>Did you get inspiration from Unity or other game engines?
Unity was a huge inspiration when it comes to ease of use, editor extensibility and fast iteration times. This is something I definitely want reflected in Banshee’s editor and scripting API. But in many ways I also felt Unity was too restricting due to its closed source nature. Banshee on the other hand is fully
open and built with a focus on extensibility. Coupled with a complete C++ API and modular design it gives you absolute freedom to do what you wish.
Unreal & Frostbite were an inspiration when it comes to their rendering technology and high performance, both of which are very important factors in Banshee’s development.
> What is your goal with Banshee? What are the main plans for the engine?
There are two main goals:
1. To create an engine that provides an intuitive and easy to use editor and scripting API with fast iteration times, based on a high performance multi-threaded core, able to run large titles using modern high fidelity graphics.
2. Ensure Banshee provides a high quality, well designed, clean and documented codebase that is easy to understand and modify, in order to ensure the engine can be enhanced and built upon, both by me and by the open source community.
As far as engine development goes, it is now in final stages before v1.0 BETA is ready. What remains is to finish the renderer, port to Linux & Mac, followed by a lot of testing and polish. Right now the engine is in many ways playing catch-up with features that other decades-old engines had for a while – once we have the first stable version to serve as a foundation there are many more features planned, including support for more platforms, more high level systems and plugins for various middleware, bigger focus on experimental & bleeding edge features and improvements to the editor workflow.
> Is the project sponsored by anyone?
No sponsors, I’m supported by my savings.
> Banshee repository on github must work as an excellent portfolio, so big studios can try to hire you, can’t they?
I’ve had some well known studios and middleware companies contact me since going public with Banshee. It’s certainly flattering and not something I could have dreamt of back in college days, but my work on Banshee currently takes priority.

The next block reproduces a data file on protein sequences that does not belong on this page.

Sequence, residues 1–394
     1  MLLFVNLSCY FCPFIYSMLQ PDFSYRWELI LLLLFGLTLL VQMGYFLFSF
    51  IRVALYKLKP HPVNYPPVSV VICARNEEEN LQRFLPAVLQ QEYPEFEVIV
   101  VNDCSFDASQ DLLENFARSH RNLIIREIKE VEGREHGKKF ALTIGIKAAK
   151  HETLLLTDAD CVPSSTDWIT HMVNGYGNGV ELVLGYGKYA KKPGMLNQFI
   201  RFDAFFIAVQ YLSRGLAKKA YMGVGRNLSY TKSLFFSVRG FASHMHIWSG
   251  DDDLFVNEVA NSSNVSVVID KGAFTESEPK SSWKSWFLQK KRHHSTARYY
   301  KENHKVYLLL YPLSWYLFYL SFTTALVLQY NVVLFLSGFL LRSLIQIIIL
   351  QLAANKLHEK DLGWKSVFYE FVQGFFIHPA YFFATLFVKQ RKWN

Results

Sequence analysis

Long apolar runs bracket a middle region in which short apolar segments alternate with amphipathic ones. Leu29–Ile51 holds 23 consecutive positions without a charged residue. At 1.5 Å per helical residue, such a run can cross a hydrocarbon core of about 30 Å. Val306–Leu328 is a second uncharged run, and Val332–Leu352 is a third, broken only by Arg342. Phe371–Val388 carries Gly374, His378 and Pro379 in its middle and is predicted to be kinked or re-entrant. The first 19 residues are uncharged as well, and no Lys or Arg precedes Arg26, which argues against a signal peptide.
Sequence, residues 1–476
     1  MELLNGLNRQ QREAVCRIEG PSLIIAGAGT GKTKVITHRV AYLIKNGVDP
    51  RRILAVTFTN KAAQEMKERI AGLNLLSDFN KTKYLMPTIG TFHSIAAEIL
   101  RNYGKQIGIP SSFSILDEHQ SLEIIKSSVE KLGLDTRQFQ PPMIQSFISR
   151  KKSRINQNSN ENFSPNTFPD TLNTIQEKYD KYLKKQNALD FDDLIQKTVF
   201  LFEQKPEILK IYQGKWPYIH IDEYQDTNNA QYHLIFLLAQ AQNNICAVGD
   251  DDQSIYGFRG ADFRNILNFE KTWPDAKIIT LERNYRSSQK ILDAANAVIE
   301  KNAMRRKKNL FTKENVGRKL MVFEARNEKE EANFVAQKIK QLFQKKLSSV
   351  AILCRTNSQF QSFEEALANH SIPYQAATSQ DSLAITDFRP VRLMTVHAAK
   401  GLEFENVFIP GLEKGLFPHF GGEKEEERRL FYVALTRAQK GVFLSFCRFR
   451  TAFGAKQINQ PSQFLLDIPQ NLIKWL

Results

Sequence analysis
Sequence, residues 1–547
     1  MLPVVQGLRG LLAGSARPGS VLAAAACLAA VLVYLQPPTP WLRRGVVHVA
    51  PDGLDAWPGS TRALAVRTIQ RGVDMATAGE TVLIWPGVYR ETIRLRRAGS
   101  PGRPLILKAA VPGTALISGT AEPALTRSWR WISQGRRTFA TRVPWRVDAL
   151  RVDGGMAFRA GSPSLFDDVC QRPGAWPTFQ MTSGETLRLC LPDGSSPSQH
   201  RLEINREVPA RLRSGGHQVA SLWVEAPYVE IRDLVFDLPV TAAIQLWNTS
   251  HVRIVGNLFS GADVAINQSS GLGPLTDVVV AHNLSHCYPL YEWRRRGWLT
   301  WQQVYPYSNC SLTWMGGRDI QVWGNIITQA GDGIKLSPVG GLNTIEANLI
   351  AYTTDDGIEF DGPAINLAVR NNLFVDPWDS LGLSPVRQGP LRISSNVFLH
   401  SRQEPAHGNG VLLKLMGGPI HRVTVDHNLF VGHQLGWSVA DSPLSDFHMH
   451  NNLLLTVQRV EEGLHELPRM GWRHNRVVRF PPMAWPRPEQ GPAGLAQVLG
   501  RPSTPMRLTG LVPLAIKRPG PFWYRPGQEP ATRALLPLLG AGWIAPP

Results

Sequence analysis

>Please, tell me about some part of Banshee you are most proud of.
Obviously I’m very biased, I just really love the overall the design of it. I feel the code is very clean and neat, I find it a breeze to navigate and even when I need to make major changes it ends up being relatively easy to do. I find all of this incredibly important because it means I can keep on building and enhancing it without worrying of it becoming a convoluted mess, which I
feel is a trap too many engines fell into.
>Could you describe the features of your rendering system? How did you get the ideas behind it?
The rendering system is something that’s currently being worked on, and improvements are being made daily. It’s a hybrid tiled deferred / clustered forward renderer, supporting physically based shading using the Cook-Torrance BRDF. The renderer supports high-dynamic range and is gamma correct, has a tonemapping operator with customizable curve, white balance, exposure and color correction features. It supports image based lighting in the form of HDRI as well as reflection probes – both prefiltered radiance for specular reflections and irradiance for indirect diffuse is supported. It also supports area lights, soft shadows, screen space reflections and a variety of post-processing effects.
All of this runs on Banshee’s low level rendering API which can transparently switch between DirectX 11, OpenGL 4.5 or Vulkan backends, with plans for more backends in the future. The renderer runs on its own thread and supports command lists for fine grained multi-threading. Recently there was also a refactor that modernized the rendering API to be more in line with a cutting edge Vulkan API, to ensure the engine can properly utilize its features.
> Could you recommend your favorite books on graphics, c++, game engine architecture, etc :)?
My all time absolute favourite book is Physically Based Rendering by Matt Pharr and Greg Humphreys. The book even won an Oscar, deservedly so! It offers incredibly detailed insight into modern rendering theory and backs it up with quality code.
Other than that I can also easily suggest Professional C++ by Marc Gregoire, Real Time Rendering by Tomas Akenine-Moller, Eric Haines and Naty Hoffman, and finally Game Engine Architecture by Jason Gregory.
Thank you very much for the interview, Marko! Russian gamedev community and I personally wish you a lot of patience and good luck with Banshee.